All of this aside, from a strictly economic perspective, do you know how much gas I can buy for $40,000? At a price of $3 per gallon I can purchase over 13,000 gallons. Assuming I drive an average of 20,000 miles per year in a vehicle that gets an abysmal 16 mpg, I can purchase 10 YEARS worth of gasoline. So, with a cost analyst of buying a Volt, the only people interested will be the rich hippies.
As far as I’m concerned, we still don’t have a viable option to the traditional internal combustion engine. Count me out until the next big thing hits.
Fuel Efficient Sports Cars
Chevrolet is showing the world that big power can also translate into big fuel efficiency. The 2010 Camaro comes in several different trim packages, each sporting it’s own miles per gallon ratings and some of these numbers will really surprise you. Let’s start with the smallest of the engines, the 3.9 V6 which is available in the base model 2010 Camaro.
3.9 V6 2010 Camaro LS
According to Chevy the 2010 base model V6 Camaro is capable of a whopping 29 miles per gallon. Impressive on it’s own, but this motor is also producing over 300 horsepower. This technological advancement is a far cry from the 67 Camaro outfitted with the inline 6 cylinder.
6.2 V8 2010 Camaro SS
The beefiest version of the 2010 Camaro sports a huge 6.2 liter V8, which produces over 420 horsepower. It’s a bulging muscle machine, that’s also capable of producing some respectable miles per gallon. Consider that the SS Camaro gets 24 mpg highway, an efficiency never conceived in this size engine package before.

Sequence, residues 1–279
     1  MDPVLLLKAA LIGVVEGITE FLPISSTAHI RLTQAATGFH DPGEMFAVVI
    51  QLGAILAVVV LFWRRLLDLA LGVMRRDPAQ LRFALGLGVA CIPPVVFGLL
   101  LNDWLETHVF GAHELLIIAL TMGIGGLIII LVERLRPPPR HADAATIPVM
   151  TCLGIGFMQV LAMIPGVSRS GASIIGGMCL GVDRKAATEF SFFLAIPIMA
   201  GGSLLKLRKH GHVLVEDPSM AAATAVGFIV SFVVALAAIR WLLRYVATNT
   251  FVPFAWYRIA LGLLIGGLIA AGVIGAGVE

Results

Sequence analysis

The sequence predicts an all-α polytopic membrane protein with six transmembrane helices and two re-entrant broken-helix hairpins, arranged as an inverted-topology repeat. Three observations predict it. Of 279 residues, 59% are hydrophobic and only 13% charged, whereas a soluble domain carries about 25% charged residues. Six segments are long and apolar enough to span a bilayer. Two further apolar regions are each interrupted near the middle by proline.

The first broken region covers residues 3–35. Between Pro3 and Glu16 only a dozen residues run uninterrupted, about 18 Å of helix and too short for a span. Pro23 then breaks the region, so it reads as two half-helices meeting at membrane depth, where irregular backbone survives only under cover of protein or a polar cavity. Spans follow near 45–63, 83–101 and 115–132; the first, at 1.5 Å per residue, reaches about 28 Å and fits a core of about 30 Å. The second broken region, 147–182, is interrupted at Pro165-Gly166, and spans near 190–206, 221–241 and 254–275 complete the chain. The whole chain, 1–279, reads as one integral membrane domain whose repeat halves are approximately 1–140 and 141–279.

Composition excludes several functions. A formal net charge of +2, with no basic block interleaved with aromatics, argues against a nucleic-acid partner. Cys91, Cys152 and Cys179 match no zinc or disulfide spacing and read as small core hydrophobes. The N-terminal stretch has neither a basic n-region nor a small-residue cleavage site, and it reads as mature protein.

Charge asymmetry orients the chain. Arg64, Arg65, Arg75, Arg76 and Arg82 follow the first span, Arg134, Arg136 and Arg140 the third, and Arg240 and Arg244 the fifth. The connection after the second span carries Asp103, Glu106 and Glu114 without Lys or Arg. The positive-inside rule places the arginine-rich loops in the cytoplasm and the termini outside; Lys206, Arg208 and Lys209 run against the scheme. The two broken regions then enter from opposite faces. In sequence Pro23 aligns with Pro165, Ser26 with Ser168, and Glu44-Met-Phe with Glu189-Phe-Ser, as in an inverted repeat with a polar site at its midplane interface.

What the fuel economy in the 2010 Camaro means?
The numbers don’t lie and if the 2010 Camaro proves to be dependable, then we will have a true leap in efficiency for usable sport vehicles. This type of fuel efficient technology will slowly find it’s way into SUV’s, Trucks, and hopefully even more sports cars. Perhaps the fear of single digit gas mileage in sports cars will permanently be a thing of the past. Of course, depending on how heavy your foot is, mileage may vary. 😉
It’s been a little while since we’ve reported on the Chevy Volt and what it means to the domestic auto market. Unfortunately, we haven’t heard a lot, because there have been some doubts about the battery. Consider the impact on GM if this final push for innovation launches with a thud, plagued by it’s biggest technological advancement in decades, the Volt’s battery.
To meet expectations and guarantees, the Chevy Volt’s battery must be capable of at least 4,000 recharges and a 10 year life span. Seems like a pretty tall order, considering that no technology exists amongst the li-ion type battery market. Basically, it’s starting from scratch, and hoping that come 2010 we have a marketable product that everyone will want. As of this posting it’s reported that the battery development has completed and we are only waiting on testing.
I just hope GM doesn’t blow it’s wad on a car that only delivers half of what was promised. Already buyers remorse is setting in on the new car market, let’s not make it worse with an overhyped product. Chevy hopes to release the Volt on November 2010.
P.S. European markets will be getting a much nicer and sportier Chevy Volt.